Policy Alert: India’s Mars Mission Sparks Reactions from BRIC Countries
On November 5, 2013, Indian Space Research Organization (ISRO) successfully launched its first unmanned Mars-bound spacecraft Mangalyaan. If the mission succeeds, India will become the first Asian nation to follow the United States, Russia, and Europe in conducting a successful Mars expedition. In this Policy Alert, we examine commentaries from India, China, Russia, and Brazil on the implications of this new development.
Soon after the successful launch of Mangalyaan, congratulatory notes started pouring in from political leaders, praising the ISRO and its scientists.
- Prime Minister Manmohan Singh hailed the launch as a “historic achievement,” congratulating ISRO scientists for the significant milestone.
- Congress President Sonia Gandhi expressed a sense of exhilaration, remarking, “Every Indian is proud of this outstanding scientific feat by our great scientists.”
- Minister of State in the Prime Minister’s Office V. Narayanasamy praised the successful launch calling it a historic moment for the country. “India is the fourth country in the world to take up the Mars expedition and our scientists deserve congratulation for it.”
Amidst such excitement, however, there were questions about the mission’s $72 million price tag for a country still dealing with widespread hunger and poverty.
- Jean Drèze, an influential development economist, bluntly critiqued the mission. “I don’t understand the importance of India sending a space mission to Mars when half of its children are undernourished and half of all Indian families have no access to sanitation.”
- K. Radhakrishnan, Chairman of the ISRO, forcefully defended the space program, insisting that “the Mars mission is a historical necessity, since after having helped find water on the moon, looking for signatures of life on Mars is a natural progression.”
- U. R. Rao, former ISRO head, joined the defense. “India spends around $800 million on Diwali purchases (fireworks for Hindu New Year festival) and $72 million to reach Mars is affordable.”
- Former ISRO chief G Madhavan Nair disagreed from a more practical perspective, claiming that the Mars mission “is not a big priority” at this stage for India, which, instead, should have devoted time and energy on its human space flight program as “the immediate priority.”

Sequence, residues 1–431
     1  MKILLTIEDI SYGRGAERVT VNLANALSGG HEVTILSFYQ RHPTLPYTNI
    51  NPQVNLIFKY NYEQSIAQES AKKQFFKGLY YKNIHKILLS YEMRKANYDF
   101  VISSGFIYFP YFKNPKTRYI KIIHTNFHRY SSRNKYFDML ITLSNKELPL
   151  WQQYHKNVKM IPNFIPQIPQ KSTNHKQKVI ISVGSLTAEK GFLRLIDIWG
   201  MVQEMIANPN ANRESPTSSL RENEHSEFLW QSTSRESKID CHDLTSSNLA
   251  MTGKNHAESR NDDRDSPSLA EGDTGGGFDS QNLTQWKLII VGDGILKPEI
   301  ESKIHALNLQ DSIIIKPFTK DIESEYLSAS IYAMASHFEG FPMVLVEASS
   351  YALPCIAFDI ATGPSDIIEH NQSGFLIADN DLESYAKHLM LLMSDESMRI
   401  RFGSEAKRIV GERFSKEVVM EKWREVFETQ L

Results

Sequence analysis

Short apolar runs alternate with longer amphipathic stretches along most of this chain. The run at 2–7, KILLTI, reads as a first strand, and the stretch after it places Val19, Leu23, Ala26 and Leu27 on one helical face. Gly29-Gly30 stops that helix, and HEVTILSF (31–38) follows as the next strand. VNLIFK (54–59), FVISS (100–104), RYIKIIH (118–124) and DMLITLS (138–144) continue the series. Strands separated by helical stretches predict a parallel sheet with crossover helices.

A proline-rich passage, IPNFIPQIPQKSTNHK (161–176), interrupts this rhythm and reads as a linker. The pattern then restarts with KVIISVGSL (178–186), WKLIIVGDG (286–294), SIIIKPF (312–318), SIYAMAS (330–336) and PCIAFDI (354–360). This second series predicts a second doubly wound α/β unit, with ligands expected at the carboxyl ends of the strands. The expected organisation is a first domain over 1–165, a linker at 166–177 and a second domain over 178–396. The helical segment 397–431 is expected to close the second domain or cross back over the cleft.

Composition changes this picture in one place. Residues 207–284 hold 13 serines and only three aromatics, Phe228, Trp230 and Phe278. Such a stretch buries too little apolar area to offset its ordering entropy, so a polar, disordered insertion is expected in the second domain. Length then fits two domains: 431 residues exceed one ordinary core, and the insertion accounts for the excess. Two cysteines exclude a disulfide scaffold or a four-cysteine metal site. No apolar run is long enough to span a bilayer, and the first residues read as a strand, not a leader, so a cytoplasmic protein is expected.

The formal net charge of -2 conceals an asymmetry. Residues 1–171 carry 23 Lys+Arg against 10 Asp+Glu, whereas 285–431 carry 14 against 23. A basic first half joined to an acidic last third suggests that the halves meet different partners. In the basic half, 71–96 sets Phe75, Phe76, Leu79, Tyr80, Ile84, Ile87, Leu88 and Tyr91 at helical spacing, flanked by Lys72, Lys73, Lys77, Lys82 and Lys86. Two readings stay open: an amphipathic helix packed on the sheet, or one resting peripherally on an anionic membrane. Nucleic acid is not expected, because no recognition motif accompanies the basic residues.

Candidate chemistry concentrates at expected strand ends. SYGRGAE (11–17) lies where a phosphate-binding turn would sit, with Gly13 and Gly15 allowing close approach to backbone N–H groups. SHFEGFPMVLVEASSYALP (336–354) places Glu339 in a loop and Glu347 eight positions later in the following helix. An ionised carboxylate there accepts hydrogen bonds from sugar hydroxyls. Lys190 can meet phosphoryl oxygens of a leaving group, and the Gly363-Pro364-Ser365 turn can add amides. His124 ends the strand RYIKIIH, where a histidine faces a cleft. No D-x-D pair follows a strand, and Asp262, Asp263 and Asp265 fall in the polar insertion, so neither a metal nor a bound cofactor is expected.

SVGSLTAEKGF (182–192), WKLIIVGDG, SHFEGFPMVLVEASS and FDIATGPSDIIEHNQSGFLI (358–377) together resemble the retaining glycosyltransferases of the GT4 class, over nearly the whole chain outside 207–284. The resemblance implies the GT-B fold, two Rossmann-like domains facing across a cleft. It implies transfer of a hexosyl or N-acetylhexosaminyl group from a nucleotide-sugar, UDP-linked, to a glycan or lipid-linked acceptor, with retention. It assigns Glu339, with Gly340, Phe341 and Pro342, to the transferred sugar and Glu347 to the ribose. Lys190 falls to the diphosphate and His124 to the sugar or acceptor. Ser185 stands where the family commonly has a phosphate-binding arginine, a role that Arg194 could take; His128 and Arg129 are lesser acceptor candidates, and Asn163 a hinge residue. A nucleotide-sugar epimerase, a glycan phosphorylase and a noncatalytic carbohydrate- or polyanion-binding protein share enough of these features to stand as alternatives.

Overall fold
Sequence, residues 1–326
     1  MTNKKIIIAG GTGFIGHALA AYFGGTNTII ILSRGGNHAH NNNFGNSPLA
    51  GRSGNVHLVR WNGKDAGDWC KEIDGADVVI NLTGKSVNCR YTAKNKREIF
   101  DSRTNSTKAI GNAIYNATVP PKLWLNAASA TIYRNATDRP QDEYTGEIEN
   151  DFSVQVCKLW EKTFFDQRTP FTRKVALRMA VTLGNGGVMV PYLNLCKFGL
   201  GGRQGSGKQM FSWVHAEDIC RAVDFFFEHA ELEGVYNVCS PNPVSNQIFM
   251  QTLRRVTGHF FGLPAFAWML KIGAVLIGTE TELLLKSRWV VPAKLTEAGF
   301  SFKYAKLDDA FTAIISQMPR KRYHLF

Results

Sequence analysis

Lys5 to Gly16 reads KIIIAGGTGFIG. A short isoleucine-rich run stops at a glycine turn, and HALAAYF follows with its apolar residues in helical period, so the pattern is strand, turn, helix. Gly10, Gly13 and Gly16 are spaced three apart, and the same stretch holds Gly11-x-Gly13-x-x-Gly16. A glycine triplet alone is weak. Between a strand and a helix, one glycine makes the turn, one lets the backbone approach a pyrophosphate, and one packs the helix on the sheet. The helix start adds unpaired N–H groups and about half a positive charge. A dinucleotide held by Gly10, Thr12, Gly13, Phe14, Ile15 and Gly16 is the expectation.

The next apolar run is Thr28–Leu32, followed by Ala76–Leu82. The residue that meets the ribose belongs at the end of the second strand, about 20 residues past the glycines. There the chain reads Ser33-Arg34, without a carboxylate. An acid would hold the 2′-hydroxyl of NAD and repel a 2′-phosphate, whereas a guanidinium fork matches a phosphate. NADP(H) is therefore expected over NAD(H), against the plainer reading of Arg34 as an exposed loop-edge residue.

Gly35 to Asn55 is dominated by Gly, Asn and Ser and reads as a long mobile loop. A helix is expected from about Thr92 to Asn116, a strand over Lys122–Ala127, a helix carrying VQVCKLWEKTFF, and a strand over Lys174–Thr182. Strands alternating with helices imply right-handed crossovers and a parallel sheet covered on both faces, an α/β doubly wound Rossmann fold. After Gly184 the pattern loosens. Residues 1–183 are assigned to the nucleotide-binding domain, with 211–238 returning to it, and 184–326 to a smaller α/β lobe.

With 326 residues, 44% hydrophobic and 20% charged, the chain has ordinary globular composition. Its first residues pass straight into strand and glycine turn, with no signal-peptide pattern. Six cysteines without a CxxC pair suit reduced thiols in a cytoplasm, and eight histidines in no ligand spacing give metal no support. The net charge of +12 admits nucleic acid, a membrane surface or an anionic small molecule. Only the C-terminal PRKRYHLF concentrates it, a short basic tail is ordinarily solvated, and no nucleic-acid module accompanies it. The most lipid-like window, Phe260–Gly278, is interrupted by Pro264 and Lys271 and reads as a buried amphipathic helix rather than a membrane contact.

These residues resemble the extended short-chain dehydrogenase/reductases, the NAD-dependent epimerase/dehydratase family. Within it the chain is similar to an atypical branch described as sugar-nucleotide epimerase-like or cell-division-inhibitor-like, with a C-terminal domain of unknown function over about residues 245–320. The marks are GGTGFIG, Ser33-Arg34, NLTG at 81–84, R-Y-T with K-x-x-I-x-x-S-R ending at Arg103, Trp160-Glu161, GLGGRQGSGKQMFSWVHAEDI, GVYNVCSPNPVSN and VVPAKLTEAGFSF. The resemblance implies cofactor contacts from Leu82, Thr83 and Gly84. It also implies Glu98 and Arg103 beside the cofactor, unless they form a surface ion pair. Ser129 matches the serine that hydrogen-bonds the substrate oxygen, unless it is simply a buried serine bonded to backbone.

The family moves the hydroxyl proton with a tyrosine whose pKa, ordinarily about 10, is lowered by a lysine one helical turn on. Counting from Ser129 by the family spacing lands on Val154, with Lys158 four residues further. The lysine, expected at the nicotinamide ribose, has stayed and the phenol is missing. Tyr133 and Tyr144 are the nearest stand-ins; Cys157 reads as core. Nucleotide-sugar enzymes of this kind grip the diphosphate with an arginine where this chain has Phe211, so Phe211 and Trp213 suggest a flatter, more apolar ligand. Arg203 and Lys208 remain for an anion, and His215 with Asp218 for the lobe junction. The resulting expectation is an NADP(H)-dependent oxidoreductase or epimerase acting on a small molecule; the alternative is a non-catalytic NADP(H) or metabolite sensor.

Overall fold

Meanwhile, India’s Mars mission has sparked a debate on a potential “space race” between India and China, but Indians were quick to dismiss such concerns.
- ISRO chairman Radhakrishnan assured that India is “not engaged in a space race with China.” “There is no race with anybody. Everybody has their own direction. So, I find no need to race with them.”
- Former ISRO head G. Madhavan Nair admitted that India lags behind China in space. “India and China were almost equal five years ago…In the last five years, while India was sleeping, the Chinese steadily surged forward…[T]hey are going to have an upper hand in space not only in the Asia Pacific region but globally as well.”
- The Hindu shared a similar view. “If India does triumph with its Mars mission, it will havestolen a march on its Asian rivals. But it will not mean that this country has pulled ahead of Japan or China, which have far more advanced capabilities in many areas of space technology.”
Chinese editorials downplayed the Mangalyaan achievement while touting China’s own space capabilities.
- The Global Times acknowledged that while New Delhi “did manage to carry out its Mars exploration program with a budget of only $73 million, much less than the spending of China and Japan,” China is still “…already in advance of India…New Delhi has set China as its target, while China views the advanced level of the U.S. and Russia as a reference.”
- Calling outer space “the common heritage of mankind,” Foreign Ministry spokesman Hong Lei said that every state is entitled to the right to peacefully explore and make use of space.
- Pang Zhihao, a researcher at the China Academy of Space Technology reported that “China is ready to conduct its own exploration of Mars in the near future.”
Commentary in Russia focused on the Soviet legacy and its influence on the development of India’s space program.
- Journalist Vladimir Gubarev traced India’s space story back to its earliest stages in Pravda, concluding, “Frankly, I am glad that India is striding to space by leaps and bounds and becoming one of the leading space powers…this is a great thing- the Indian industry built with the help of the Soviet Union that greatly helped India.”
- A Russia Times editorial contrasted the perceived “space race” between China and India with that of the Soviet Union and the United States. “Unlike in the Cold War era, when the USSR and the US engaged in a spectacular tit-for-tat space race while remaining economically and politically estranged from each other, China and India today have a booming trade relationship and are not engaged in any outright ideological confrontation.”
The launch in India caused some evaluation of Brazil’s existing space program which was stunted by a 2003 explosion.
- Correio do Brasil reported that India’s recent rocket launch conjured up memories of a rocket launch explosion 10 years prior in which 21 civil servants died. The accident slowed progress in Brazil’s solo satellite launches, though future launches are planned. Since 2003, only joint Brazil-China launches with China have occurred, the result of a 1988 Brazil-China partnership.
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